At the end of the afternoon prizes were awarded – you can see the list of excellent ideas on the mashlib09 blog, and I do recommend taking a look as there’s things there that should definitely get developed. After prizegiving ended, we decamped to the pub before heading our separate ways. All in all, a highly recommended event and format which both broadened my professional horizons and helped me take more online contacts into ‘real life’, and I’m looking forward to MiddleMash in Birmingham towards the end of the year (if I manage to get a place, given how popular these events are!).

Mash Oop North write-up (part 1)

Spread some joy

Spotted in the Creative Arts Building at Huddersfield Uni

I’m on the train home from Mashed Library 2009 just now. It’s been an excellent day, with huge thanks due to Dave Pattern and everyone else involved in organising it. As someone said, it was the most organised unconference ever – properly organised chaos!

The event for me started yesterday evening, as I decided to avoid a 4.30am start by travelling up the day before and staying locally (I can recommend the Cambridge Lodge – very friendly staff and excellent fried breakfast!). A trip to a noodle bar and several local drinking establishments had been organised, which was very enjoyable both because of the delicious food and drink and the chance it gave to meet people informally before the event. This really helped me get over my usual introversion and get chatting, which helped me off to a good start the next day.

First session I attended was Dave Pattern on library usage data and Iman Moradi on gaming and libraries. I failed to take notes in any sessions except on Twitter, so here’s scrappy recollections:

  • Uni library stats show 20-25% of keyword searches end with 0 results. Resulting page is often a dead end – adding spellcheck etc will give a route out.
  • Huddersfield has done all sorts of wonderful things with their usage data – ‘people who borrowed x, also borrowed…’, general suggestions, and increasingly course-specific stuff. I was particularly taken with the way they can use course-based usage stats to create course-specific new items lists!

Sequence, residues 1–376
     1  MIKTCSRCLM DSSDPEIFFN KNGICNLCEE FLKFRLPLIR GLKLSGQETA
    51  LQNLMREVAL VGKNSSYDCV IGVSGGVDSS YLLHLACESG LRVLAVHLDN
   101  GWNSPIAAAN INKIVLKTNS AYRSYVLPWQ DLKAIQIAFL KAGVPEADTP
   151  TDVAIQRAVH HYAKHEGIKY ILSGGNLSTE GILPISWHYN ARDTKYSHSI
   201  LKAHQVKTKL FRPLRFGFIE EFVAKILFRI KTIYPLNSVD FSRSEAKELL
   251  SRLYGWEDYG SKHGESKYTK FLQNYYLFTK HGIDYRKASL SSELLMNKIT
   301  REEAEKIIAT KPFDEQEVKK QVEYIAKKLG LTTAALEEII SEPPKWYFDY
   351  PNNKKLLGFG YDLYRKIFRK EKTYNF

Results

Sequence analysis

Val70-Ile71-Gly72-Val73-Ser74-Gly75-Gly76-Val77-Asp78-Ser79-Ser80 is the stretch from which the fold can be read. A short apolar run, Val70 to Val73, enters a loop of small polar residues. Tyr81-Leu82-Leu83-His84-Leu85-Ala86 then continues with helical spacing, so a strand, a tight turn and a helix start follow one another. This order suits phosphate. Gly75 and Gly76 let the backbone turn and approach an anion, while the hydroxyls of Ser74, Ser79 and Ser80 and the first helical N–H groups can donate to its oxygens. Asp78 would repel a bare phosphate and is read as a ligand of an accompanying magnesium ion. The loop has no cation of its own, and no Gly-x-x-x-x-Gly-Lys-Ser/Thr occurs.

• Visual features prove very popular (with stats to prove it) so finding ways to include book covers etc is a good idea. I wish sheet music covers didn’t all look so similar! AV material has more promise, but I’m imagining getting matches without ISBNs is slightly nightmarish.
  • Dave has a vision of the library website in 2012 – modular, flexible, with services that can be pulled out into students’ website of choice. Also pulling in non-catalogue links and resources, e.g. BBC news feeds and journal articles chosen with knowledge of student’s course and interests.
  • Iman had gorgeously designed slides, as you’d expect – he lectures in design iirc, as well as being a library fan! He reminded us of the user perspective, that finding stuff is complex and the more we can smooth that along the better. Serendipity can serve a purpose too, e.g. Huddersfield Town Library did a serendipitous display of novels by colour, which looked pretty and encouraged browsing.
  • He also pointed out possible similarities between library use and gaming (sorry Iman, I don’t play World of Warcraft, I’m too busy on my DS). He pointed out a library borrowing history is a bit like a game achievements list – there can be bragging rights on reading certain books. Dave touched on this gaming idea too with the notion of karma points earned by helping other students, redeemable for free printing etc.

Second up was Richard Wallis on Talis’ open source Juice Project. Its aim is to make it easy to enhance OPACs without duplication of effort, or as Richard said ‘slap some mash on your OPAC’ (wonder how he got that authentic mash-on-plate sound effect?). This is achieved by the writing of cross-OPAC extensions to e.g. add Google Book API features, look up a title in Worldcat (and display it in an in-page lightbox if so desired), plus the writing of a vendor-specific ‘metadef’ which defines where the ISBN etc are located on the page. If these are in place, all your friendly OPAC sysadmin has to do is write a little script to tell Juice where to put the extra content on the page, add a few lines of code to the OPAC source page and voila! This is something I’m hoping to get time to play with soon, although I’ll need to learn some Javascript and hope someone writes a metadef for SirsiDynix elibrary, else I’ll need to learn a lot of Javascript. Hoping some more real-world examples will start appearing soon too.

Philosophically I think the Juice Project has it spot on – it’s mad that so many OPAC administrators spend time coding enhancements which then work on their OPAC and theirs alone. Sharing code is definitely the way forward, and allows lesser-resource institutions with little development time to participate. One potential downside is accessibility – always an issue with Javascript, which is why it’s advised Juice is only used to add extra value to a service rather than critical functionality.